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Arthur Village Board begins discussions about annual Cheese Festival in spite of the pandemic

Village of Arthur’s newest Police Officer. Officer Matthew Soria has taken the state exam and passed and is now a certified law officer. He is also coming to the end of his field training. Soria was awarded his certificate by Police Chief Michael Goodman.

Restaurants in Arthur begin to open back up

Staff Writer

On June 15, Stephanie Wierman, opened up the Arthur Village Board meeting with a public comment concerning whether Arthur would be having its annual Arthur Cheese Festival. She noted that it wasn’t just the businesses who wanted to have the festival, there were also several people who wanted to have it too. She felt that it would be something positive and boost morale. It would also be nice to have the festival- just for the sake of having a festival, since so much had been canceled already.

Stephanie noted that she had talked to Bill Singer concerning insurance, and there were no problems with it. With the pandemic though, the festival would have to change the way that the free cheese is distributed, as it would have to be prepackaged instead. There also would not be any inflatables for the kids, and there would have to be a different type of entertainment such as magic or puppet show. There also has been no word in issuing permits to food vendors yet.

Stephanie explained to the board that she wanted to start the discussion about the festival and see where the village would stand from a legal and liability point of view. She also added that downtown businesses and those that are in the country would benefit from the festival. With there only being one festival, there was a possibility it would be well attended. Stephanie pointed out that it could come together fairly quickly, but there needs to be a plan and needs input from the board. She appreciated them not taking it off the table yet, but it depends on health departments and how it would look from a legal stand-point. After the discussion, the board stated that they would revisit the idea during the first meeting in July. They also needed to see what “Phase 4” looked like in the Restore Illinois Plan and go from there.

Pressing forward, Matt Bernius informed the board that expenditures for the period were $68,017.05. Mayor Rod Randall told the board that he sat in a ZOOM meeting with Chapin Rose. “The state is borrowing $5 billion from the feds. Don’t expect on time payments from the state.

It is a good thing we got our EPA Loan when we did,” Rod Randall said.

Since canceling the recycling program, Christy Miller announced that she had contacted all of the current trash companies and had met with one of them. Presently, she has only found one so far that would consider Arthur for recycling.

Police Chief Michael Goodman informed the board that Officer Soria has taken the state exam and passed it. He is now a certified law officer. Soria will be awarded his certificate at his next shift and he is also coming to the end of his field training. Goodman also reported that there have been a lot of bicycle riders on the downtown sidewalks. There had been four incidents and most of them were young kids.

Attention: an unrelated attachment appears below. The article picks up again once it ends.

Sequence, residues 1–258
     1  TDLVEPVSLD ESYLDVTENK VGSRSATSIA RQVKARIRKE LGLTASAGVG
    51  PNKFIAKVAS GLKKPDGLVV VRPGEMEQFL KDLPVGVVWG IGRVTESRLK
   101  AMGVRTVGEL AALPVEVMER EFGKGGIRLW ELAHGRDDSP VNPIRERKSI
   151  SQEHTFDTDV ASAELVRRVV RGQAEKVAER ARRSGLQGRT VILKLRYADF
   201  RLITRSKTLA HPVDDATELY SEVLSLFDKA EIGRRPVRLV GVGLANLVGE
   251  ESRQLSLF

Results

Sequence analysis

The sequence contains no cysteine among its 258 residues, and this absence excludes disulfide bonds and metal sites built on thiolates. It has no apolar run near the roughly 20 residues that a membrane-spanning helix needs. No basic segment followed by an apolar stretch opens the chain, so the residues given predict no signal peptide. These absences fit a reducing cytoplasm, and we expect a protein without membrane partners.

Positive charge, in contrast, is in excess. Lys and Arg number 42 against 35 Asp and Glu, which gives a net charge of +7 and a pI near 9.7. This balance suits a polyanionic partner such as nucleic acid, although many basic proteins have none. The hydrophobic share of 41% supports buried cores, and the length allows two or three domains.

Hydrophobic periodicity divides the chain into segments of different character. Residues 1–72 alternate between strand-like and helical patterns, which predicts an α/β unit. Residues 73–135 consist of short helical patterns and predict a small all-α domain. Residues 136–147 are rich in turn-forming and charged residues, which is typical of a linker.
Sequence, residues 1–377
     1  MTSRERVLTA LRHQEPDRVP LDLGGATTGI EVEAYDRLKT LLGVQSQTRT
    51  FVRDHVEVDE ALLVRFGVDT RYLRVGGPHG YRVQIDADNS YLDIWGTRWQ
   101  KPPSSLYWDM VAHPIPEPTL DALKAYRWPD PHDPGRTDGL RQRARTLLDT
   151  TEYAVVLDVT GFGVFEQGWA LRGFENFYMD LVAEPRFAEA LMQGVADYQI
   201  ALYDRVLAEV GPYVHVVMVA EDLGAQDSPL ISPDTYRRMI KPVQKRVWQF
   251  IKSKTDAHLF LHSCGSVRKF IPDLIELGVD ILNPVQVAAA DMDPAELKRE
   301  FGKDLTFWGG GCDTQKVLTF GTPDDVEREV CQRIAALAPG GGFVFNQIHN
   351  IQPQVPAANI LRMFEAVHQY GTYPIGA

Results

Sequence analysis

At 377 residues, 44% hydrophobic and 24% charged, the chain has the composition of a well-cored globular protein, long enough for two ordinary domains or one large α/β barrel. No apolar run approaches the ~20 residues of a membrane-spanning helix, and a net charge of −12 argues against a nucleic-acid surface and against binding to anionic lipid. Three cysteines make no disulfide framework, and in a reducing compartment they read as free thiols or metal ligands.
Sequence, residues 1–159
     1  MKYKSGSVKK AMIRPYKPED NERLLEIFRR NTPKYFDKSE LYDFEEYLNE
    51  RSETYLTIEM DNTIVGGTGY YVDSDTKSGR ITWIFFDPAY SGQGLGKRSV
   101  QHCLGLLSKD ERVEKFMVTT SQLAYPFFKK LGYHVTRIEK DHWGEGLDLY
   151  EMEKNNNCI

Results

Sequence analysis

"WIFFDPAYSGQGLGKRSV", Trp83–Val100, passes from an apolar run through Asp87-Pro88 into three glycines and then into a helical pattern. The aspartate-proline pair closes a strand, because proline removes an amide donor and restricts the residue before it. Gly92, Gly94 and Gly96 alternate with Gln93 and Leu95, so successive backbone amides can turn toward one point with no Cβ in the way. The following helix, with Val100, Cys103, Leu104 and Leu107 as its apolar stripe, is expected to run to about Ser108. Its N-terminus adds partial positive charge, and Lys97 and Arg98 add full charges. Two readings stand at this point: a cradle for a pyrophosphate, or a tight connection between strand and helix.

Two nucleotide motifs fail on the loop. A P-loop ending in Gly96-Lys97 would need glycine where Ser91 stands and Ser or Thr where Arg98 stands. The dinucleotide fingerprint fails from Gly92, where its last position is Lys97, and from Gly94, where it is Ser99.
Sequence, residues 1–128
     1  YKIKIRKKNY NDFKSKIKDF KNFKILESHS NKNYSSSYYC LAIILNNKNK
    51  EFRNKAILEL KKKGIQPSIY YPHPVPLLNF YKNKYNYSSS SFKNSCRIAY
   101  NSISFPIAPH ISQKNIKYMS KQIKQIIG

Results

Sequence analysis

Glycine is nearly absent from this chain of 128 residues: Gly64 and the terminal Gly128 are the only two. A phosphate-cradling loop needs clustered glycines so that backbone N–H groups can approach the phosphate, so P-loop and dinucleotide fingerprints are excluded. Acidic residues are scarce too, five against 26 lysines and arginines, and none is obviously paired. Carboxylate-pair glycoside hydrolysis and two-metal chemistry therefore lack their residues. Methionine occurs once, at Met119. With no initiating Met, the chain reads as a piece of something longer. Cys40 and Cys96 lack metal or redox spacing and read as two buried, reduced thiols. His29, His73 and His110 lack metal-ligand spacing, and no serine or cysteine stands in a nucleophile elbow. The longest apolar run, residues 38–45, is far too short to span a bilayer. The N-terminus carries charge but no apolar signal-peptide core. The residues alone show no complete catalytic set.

Grant Corum from Public Works noted that all of his staff was back to work and in rotation.

In new business, a change order for the sanitary sewer liner project was approved for $4,483.50. A loan disbursement from the IEPA for the sanitary sewer project in the amount of $12,592.65 was approved. Board members approved to enter into an agreement with Farnsworth Group for sludge press engineering in the amount of $35,000. An application from Timothy D. Singer and Clarice M. Singer was approved for variance at 321 South Elm Street. They requested that the zoning district be changed from a one-family residential district to a multiple family restricted district. David Phelps and Lora Phelps submitted an application for variance at 412 South Walnut Street. It was a request to allow a building over the lot coverage limits. It was approved.

Board members also discussed that they would be sending a letter to Governor Pritzker asking that he change the move between phases for the Restore Illinois Plan be 14 days instead of 28. In the letter, it was noted that down state statistics have been lower. They also presented information from the scientists as well. After discussing the letter, the board moved their talk towards COVID19 precautions for Arthur while it has been in “Phase 3,” which allowed outdoor dining in restaurants. Christy Miller explained that she had originally applied for a grant that would allow a tent to be set up near the gazebo with tables and chairs which would assist with outdoor dining. Although, since there was a lack of interest, she pulled the idea. Most bars and restaurants have opened up as “business as usual.” Village President Randall has gone around to discuss the possible risks with those who have opened. The village has also made sure that all of the restaurants are insured. Since all of them currently are, it won’t pose on Arthur for any liabilities. Randall informed everyone that gaming would be allowed again on June 27.

Restaurants have been informed to take precautions by making sure there is social distancing in between machines, such as allowing the use of every other one, or placing Plexiglas between the gaming machines – like Angela’s Food and Spirits will be doing.


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